Why you want to know: When you hire a florist, you're typically quoted a price that includes not only the flowers but also the vases or other containers you'll be renting to display the stems. This means that while those pretty blooms are yours to keep, the urns or candelabras go home with the florist. If you're interested in repurposing the arrangements for a day-after brunch, you'll want to discuss the details with your florist. They can often work the additional cost of vases into your initial proposal.

Courtesy of The Knot

Frequently Asked Questions

 


           “What if you attempt delivery and no one’s home?”

- We assess each delivery situation on an individual basis.  If the delivery location looks safe with a protected area to keep the bouquet shaded and away from the elements, we will leave it there and follow up with a phone call to the recipient.  If we are unable to leave it at the residence, our next step is to try to leave it with a neighbor.  If both these options are unavailable we then leave a tag on the recipients door letting them know we were by with a special delivery.  We ask that they call us to arrange a new delivery or they may come to our shop and pick up their bouquet.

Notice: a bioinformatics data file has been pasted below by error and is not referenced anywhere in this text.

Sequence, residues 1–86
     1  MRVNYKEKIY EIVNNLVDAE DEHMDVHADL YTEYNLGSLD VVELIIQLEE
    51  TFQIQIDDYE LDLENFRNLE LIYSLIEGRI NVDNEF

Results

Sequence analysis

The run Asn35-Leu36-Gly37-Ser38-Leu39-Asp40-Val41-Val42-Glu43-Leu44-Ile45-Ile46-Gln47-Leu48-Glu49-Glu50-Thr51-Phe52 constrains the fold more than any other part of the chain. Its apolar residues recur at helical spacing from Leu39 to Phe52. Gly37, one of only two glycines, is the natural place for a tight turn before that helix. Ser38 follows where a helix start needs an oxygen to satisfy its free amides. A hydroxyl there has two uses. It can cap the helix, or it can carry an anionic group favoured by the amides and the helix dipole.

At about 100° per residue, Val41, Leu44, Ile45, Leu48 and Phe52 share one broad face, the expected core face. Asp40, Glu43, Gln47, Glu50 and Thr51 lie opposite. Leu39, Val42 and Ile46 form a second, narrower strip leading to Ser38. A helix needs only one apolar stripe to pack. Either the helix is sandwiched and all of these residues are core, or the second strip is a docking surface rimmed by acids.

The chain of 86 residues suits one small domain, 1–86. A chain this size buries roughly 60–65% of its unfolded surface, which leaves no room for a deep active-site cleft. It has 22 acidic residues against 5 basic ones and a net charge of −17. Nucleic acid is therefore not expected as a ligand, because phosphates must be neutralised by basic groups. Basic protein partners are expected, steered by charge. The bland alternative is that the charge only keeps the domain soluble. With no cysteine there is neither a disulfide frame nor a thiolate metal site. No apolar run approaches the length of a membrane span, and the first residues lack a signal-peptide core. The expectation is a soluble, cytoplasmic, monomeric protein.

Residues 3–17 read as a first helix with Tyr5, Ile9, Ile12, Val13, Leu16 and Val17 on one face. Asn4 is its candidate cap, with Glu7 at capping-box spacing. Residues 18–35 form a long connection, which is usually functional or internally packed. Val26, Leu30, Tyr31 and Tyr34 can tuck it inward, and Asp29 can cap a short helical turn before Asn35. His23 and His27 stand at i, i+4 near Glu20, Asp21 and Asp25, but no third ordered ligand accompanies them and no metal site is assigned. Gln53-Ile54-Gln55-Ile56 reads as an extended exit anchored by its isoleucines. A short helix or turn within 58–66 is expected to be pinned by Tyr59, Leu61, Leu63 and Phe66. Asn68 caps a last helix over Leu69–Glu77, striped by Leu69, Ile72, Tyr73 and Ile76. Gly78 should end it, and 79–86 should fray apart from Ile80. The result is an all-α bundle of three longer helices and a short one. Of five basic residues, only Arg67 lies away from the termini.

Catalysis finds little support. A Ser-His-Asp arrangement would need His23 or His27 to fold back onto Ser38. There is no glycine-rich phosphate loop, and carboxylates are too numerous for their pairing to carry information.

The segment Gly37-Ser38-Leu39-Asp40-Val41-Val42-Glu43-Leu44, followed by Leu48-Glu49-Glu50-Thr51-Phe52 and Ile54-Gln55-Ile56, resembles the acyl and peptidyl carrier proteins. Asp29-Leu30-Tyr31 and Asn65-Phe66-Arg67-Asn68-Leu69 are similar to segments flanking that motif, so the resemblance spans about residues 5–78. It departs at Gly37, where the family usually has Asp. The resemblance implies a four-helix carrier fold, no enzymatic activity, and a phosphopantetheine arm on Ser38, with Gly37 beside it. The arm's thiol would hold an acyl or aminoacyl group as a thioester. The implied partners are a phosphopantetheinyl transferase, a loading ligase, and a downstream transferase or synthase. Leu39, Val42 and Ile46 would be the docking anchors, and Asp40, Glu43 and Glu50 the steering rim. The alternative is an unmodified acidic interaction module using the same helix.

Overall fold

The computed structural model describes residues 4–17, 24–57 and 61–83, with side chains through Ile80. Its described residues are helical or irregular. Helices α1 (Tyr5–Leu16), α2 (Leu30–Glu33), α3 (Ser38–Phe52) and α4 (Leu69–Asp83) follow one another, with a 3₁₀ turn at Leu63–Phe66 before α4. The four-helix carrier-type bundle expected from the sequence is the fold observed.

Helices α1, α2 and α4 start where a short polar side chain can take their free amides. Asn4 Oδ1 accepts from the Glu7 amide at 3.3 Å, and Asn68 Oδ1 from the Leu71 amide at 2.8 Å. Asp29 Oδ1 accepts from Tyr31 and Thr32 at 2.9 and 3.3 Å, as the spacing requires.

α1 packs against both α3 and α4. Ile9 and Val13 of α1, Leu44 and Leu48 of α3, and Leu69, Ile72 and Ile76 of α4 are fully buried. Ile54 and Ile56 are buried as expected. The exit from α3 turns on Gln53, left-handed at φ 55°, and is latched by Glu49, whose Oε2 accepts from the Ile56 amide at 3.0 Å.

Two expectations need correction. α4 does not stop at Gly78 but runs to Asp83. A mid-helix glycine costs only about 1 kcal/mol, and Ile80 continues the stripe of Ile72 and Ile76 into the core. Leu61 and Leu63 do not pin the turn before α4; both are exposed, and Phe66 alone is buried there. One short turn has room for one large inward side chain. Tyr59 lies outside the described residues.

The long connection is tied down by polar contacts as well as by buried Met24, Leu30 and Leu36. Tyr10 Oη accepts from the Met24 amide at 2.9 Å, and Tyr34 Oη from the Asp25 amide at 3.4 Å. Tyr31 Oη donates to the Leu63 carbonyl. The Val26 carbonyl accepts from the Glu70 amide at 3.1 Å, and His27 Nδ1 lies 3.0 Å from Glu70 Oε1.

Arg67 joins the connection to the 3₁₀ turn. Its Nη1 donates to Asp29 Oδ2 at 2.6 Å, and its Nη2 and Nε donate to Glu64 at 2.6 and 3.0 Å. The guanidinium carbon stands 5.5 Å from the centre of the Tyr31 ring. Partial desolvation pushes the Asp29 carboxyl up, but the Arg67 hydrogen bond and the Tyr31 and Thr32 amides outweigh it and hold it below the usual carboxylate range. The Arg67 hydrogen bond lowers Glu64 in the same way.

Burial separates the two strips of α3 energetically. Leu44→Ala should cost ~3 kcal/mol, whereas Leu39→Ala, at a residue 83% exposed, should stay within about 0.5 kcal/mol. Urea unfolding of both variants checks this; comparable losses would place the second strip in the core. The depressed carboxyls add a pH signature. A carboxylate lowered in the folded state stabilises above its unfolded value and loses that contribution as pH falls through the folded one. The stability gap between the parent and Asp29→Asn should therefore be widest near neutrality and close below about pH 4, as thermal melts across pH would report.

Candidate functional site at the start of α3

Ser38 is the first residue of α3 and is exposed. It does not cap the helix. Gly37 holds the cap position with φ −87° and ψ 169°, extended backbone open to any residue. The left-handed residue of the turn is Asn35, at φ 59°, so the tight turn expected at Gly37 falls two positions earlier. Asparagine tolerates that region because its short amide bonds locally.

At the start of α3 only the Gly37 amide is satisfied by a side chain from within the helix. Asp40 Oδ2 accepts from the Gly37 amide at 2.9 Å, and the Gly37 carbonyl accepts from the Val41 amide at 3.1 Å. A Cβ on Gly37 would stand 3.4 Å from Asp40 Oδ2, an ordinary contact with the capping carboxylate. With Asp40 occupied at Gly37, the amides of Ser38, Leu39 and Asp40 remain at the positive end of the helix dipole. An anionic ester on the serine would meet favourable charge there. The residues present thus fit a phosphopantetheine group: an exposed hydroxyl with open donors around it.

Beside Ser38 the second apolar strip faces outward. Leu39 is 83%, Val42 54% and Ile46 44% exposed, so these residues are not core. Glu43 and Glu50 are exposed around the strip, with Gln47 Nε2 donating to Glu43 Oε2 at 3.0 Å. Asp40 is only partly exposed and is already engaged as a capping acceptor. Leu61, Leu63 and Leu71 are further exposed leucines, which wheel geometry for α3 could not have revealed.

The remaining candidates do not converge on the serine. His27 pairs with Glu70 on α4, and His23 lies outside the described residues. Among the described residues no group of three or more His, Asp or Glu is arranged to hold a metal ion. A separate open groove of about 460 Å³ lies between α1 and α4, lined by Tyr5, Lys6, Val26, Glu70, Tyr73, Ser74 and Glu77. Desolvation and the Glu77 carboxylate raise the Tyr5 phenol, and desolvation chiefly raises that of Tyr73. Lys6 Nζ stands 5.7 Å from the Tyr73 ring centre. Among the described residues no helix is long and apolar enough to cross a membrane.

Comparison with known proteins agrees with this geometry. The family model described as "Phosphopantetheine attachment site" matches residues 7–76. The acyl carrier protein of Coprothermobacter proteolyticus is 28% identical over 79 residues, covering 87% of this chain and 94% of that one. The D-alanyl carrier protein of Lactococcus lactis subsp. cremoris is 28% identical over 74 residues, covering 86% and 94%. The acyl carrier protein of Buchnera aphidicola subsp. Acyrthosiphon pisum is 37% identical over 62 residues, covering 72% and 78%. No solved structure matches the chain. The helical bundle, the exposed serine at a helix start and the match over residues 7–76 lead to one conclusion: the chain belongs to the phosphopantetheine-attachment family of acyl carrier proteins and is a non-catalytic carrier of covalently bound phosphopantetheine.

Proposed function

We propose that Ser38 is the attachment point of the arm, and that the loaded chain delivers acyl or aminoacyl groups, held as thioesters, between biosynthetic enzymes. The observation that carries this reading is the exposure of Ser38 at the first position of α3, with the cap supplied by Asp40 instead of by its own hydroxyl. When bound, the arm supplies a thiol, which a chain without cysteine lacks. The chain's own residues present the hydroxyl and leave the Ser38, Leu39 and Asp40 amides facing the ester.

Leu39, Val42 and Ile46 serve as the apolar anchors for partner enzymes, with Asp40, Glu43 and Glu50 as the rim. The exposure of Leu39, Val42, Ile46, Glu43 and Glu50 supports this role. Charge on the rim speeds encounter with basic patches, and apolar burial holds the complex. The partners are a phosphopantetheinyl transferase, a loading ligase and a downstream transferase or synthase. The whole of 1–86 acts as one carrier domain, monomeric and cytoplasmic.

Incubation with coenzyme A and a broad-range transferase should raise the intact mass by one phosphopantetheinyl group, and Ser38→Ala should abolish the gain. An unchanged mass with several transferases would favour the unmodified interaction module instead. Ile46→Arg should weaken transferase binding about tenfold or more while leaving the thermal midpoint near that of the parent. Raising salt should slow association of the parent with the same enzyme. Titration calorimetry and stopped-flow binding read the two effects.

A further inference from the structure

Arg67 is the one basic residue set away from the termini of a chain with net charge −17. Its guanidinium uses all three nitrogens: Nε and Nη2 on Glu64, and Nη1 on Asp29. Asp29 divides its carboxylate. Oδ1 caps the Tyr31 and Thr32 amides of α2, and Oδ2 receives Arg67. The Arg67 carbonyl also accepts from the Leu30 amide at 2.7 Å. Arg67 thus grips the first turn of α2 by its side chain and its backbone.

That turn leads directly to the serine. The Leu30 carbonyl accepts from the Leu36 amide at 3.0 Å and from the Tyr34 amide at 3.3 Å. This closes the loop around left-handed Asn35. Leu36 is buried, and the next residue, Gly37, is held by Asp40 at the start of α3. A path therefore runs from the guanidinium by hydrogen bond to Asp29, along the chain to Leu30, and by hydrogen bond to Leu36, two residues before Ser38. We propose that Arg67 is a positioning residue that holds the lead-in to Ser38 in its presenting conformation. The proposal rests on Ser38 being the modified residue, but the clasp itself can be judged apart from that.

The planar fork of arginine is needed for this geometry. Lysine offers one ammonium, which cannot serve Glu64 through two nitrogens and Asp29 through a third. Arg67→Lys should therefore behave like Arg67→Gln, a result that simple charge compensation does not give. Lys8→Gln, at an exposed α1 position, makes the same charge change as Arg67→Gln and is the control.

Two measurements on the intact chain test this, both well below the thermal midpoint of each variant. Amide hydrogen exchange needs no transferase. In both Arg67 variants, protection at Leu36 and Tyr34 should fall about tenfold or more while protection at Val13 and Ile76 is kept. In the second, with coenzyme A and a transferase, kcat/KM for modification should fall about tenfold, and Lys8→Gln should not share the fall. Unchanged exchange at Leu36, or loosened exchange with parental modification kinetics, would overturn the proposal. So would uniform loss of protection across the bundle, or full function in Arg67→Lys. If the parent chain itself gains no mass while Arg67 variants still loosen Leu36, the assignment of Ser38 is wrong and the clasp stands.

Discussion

“How do I make my flowers last longer?”

- The best way to keep your flowers fresh is first to always keep the water level of the container as full as possible.  Flowers not only take up water through the end of the stem, but also through the sides of the stems themselves.  Keep your bouquet in a cool location in your home, away from direct sunlight or electronics and appliances that give off heat.  With each bouquet we include a complimentary care tag and a packet of floral preservative. Simply follow the directions on the back of the packet to help extend the life of your flowers.